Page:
This week I begin watching the Lone Ranger films, who just barely counts as a superhero. Only recently Wikipedia added Lone Ranger films to their superhero movie list. So far only four films exist, two o which I only found out about in the past few months. The first two came from the same producer as the 50s television series and had the same cast of Clayton Moore and Jay Silverheels. It also had Frank DeKova from F-Troop  in the cast. The plot: a  rancher attempts to start a war between native Americans on a nearby reservation and local ranchers. It is up to the Lone Ranger to prevent the war, and expose the corrupt rancher.  It is a decent western that doesn't feel like just an extended episode. My only complaint was that when I opened the DVD case the first thing I found was a sheet of paper advertising that the same DVD company was releasing a deluxe 2 disc DVD set of the same film with the widescreen version instead of the full frame version on the disc I bought. Now that is a kick in the ass. I checked and the deluxe 2 disc version of both this and it's sequel are not available. In fact, there were barely any copies of the full screen release when I purchased these, and I was lucky to find any unused copies under $20. Not only is it  surprising that a Warner Bros. film starring Clayton Moore as the Lone Ranger was OOP, but that it wasn't even released by Warner Bros. home video. It was released by a smaller company called VCI which specializes in "nostalgic movies".  I get why it would be OOP on the Warner Bros. label. They got so many of their other film catalog as well as the M.G.M. catalog to release that they would need to rotate their old movies. But VIC? What excuse do they have for putting any of their films OOP?    The good news is that this film was aparently shot for 1:33:1, meaning they kept all the characters and action within a square area on the frame. No doubt the producer did this knowing the movie would eventually be used as episodes of the television series, and he didn't want anything important cropped out of the full screen presintation. That means that I don't really need to worry about tracking down a widescreen copy of the film.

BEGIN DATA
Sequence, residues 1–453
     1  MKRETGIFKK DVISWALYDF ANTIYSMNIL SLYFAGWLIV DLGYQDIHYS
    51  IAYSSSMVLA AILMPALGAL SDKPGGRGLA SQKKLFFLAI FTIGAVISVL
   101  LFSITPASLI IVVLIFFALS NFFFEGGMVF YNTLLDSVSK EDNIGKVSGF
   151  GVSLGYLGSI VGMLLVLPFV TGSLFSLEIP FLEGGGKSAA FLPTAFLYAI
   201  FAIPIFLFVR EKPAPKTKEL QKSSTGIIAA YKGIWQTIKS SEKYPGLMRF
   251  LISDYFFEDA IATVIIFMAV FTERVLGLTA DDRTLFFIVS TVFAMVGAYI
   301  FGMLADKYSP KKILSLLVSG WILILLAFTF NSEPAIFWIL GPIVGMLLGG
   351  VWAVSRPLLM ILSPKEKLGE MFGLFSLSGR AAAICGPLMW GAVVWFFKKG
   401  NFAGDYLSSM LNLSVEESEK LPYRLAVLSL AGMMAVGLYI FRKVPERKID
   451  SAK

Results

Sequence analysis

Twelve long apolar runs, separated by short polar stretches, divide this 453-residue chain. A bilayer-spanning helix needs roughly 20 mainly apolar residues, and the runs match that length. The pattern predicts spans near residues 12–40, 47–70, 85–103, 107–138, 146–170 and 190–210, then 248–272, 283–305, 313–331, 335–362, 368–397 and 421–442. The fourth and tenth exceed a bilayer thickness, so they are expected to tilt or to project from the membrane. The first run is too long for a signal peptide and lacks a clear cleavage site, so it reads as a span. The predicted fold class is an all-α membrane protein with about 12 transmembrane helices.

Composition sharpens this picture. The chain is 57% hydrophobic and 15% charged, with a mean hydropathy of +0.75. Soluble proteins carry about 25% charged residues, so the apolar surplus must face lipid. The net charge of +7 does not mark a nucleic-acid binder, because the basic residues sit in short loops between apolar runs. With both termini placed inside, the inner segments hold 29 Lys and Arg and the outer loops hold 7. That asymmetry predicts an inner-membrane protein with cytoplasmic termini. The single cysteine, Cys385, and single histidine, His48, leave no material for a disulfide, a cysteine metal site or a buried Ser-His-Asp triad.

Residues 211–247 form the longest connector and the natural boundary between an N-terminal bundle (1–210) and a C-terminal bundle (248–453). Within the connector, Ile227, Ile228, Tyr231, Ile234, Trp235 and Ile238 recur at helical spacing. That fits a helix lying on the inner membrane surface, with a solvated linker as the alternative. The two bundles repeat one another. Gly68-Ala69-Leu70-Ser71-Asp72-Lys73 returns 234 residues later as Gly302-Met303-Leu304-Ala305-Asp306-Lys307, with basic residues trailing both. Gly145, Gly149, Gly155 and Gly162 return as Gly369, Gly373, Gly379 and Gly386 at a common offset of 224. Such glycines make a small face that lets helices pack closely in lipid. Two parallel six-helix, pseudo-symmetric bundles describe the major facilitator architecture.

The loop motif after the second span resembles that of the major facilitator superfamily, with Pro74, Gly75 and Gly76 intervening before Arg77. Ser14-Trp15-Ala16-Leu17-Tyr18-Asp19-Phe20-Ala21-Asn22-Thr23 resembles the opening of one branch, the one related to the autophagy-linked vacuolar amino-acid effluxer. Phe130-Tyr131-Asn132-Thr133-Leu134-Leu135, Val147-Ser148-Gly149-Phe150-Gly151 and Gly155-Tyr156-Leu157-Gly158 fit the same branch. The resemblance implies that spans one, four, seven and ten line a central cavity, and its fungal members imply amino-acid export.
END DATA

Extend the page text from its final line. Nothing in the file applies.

« Last Edit: December 09, 2018, 08:35:23 PM by stethacantus »